An uncertain future: youth frustration and the Arab Spring
Mulderig, M. Chloe
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Many scholars and media analysts have attributed the Arab Spring revolutions of 2011 primarily to the desire for regime change and democracy by citizens in the region. In this paper, M. Chloe Mulderig, a 2011 Pardee Graduate Summer Fellow and Boston University doctoral candidate in anthropology who had done field work in the region, argues that cultural and economic factors preventing youth from obtaining the usual markers along the path to adulthood — quality education, secure employment, marriage and family – played a significant role in the uprisings, and that must be acknowledged. Looking at the situation through an anthropological lens, she maintains that countries that don’t begin to address the issues creating widespread youth frustration face the prospect of long-term continued unrest even as new governments are established.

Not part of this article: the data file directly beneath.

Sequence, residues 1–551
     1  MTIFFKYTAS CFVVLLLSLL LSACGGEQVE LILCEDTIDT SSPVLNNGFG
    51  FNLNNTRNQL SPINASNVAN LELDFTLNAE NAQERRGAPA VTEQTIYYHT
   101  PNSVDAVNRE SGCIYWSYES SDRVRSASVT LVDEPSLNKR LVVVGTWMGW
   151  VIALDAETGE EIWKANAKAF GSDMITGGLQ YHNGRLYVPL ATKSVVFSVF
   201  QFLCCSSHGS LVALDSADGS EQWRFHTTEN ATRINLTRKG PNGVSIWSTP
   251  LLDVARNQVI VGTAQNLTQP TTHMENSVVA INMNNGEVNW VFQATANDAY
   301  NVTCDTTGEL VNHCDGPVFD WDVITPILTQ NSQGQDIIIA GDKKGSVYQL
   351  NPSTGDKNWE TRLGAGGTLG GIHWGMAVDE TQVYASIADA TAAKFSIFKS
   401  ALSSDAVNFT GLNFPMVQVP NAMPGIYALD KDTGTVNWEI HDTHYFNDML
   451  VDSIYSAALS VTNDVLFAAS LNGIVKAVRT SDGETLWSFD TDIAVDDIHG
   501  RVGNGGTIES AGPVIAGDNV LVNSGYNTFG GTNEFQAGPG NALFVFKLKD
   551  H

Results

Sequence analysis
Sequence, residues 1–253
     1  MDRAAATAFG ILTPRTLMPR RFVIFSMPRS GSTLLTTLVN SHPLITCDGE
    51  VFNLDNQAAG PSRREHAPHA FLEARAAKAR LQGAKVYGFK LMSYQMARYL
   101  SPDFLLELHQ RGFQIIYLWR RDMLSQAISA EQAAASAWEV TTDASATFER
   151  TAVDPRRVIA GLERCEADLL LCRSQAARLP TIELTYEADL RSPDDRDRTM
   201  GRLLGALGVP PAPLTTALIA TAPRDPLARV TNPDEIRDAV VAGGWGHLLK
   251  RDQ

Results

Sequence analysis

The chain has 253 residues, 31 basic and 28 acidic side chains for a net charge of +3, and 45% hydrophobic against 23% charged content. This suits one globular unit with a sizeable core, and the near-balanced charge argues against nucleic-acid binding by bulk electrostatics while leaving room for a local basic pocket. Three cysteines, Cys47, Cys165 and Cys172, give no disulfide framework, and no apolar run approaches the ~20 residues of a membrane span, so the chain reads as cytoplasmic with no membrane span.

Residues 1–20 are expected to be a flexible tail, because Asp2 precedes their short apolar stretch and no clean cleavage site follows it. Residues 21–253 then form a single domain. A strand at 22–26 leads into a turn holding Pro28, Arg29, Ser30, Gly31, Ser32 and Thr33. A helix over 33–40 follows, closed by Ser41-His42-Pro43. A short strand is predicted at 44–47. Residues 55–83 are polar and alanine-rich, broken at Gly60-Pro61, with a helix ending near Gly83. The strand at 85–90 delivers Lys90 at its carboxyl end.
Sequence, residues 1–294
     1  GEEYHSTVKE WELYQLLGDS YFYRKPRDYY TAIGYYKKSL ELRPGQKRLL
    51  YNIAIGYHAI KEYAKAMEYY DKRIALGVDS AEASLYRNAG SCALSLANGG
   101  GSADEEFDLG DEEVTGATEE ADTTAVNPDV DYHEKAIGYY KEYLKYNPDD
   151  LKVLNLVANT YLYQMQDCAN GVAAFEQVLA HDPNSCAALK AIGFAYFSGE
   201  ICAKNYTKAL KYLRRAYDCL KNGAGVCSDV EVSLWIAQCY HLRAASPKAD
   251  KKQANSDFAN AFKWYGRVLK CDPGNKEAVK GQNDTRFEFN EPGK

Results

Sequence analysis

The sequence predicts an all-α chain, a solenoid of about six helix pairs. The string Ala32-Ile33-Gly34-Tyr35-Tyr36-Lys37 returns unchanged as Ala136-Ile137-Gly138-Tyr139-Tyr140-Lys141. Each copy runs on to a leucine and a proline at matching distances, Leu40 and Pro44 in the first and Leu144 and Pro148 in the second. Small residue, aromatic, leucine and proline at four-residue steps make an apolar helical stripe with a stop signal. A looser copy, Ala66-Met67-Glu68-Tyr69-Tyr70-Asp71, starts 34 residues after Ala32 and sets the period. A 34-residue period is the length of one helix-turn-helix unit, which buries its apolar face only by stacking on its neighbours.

This repository item contains a single issue of The Pardee Papers, a series papers that began publishing in 2008 by the Boston University Frederick S. Pardee Center for the Study of the Longer-Range Future. The Pardee Papers series features working papers by Pardee Center Fellows and other invited authors. Papers in this series explore current and future challenges by anticipating the pathways to human progress, human development, and human well-being. This series includes papers on a wide range of topics, with a special emphasis on interdisciplinary perspectives and a development orientation.
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